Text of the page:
In the case of State v. Vest, the New Mexico Court of Appeals found that a confidential informant‘s report that the defendant, Shane R. Vest, was selling marijuana was not enough to justify a search of his house under the search and seizure protections of the 4th Amendment and New Mexico Constitution, Article II, Section 10 because the State had failed to establish the informant‘s veracity.
The informant participated in two controlled purchases of marijuana and told police that he observed Mr. Vest handling between one-quarter and one-half pound of marijuana in his trailer in Logan, New Mexico. A police officer staked out Mr. Vest‘s trailer on four separate occasions and observed vehicles arriving at a rate of between two and seven per hour. Each visitor stayed at the trailer for just five minutes. This behavior was consistent with drug-trafficking, according to the police.
When the police acted on a warrant and searched Mr. Vest‘s trailer, they found currency, guns, ammunition, marijuana, scales, packaging materials, and drug paraphernalia. The defendant entered a conditional plea to distribution of marijuana and possession of drug paraphernalia reserving his challenged to the search and the district court‘s denial of his Motion to Suppress.
The Court overturned Mr. Vest‘s conviction, finding that the issuance of the warrant had violated his rights under the Fourth Amendment to the United States Constitution and Article II, Section 10 of the New Mexico Constitution, both of which require probable cause before a search warrant is issued.
The Court applied the five-prong test of In re Shon Daniel K., which says, “Reliability of an informant may be established, among other ways, by showing that: (1) the informant has given reliable information to police officers in the past; (2) the informant is a volunteer citizen-informant; (3) the informant has made statements against his or her penal interest; (4) independent investigation by police corroborates informant‘s reliability or information given; and (5) facts and circumstances disclosed impute reliability.”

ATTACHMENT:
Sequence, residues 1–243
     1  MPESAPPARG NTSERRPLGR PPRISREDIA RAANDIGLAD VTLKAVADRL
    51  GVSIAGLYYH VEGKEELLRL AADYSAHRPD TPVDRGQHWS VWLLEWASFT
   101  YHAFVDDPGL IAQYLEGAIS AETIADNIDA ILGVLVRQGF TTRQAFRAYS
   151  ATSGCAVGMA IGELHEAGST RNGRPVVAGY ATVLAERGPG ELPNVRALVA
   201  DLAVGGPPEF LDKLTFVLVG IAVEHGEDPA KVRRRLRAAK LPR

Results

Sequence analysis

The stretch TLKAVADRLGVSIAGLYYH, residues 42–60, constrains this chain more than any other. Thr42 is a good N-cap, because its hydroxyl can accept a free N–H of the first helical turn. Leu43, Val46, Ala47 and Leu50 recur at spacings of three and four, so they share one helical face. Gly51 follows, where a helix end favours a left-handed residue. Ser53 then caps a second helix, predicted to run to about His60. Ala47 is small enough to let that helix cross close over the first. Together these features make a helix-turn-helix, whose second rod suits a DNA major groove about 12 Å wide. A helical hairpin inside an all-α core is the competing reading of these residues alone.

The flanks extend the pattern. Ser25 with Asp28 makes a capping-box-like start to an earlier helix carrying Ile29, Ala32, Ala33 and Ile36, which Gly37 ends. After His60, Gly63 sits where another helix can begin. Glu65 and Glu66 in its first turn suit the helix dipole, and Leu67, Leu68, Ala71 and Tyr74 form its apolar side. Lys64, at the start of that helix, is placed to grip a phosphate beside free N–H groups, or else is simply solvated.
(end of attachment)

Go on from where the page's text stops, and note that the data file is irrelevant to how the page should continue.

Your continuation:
The State disputed the first and fourth factors applied in this case, but the Court found that the State failed to meet its burden for either factor. First, the Court agreed with the defendant that “the affidavit merely contained conclusory assertions, rather than any actual evidence that the informant had provided reliable information in the past,” thereby failing under the first factor.
Second, because there was no “timely corroboration” of the informant‘s information, the police officer‘s observation of suspicious activity consistent with drug trafficking did not support the informant‘s claim that the defendant “had present possession of marijuana.”
In short, the New Mexico Court of Appeals strictly enforced the protections under the 4th Amendment and Article II, Section 10. The protections against unlawful search and seizure are strictly applied in New Mexico. In fact, Article II, Section 10 provides even greater protection than federal law in keeping with New Mexico‘s heightened protection of individual rights to privacy above and beyond the 4th Amendment.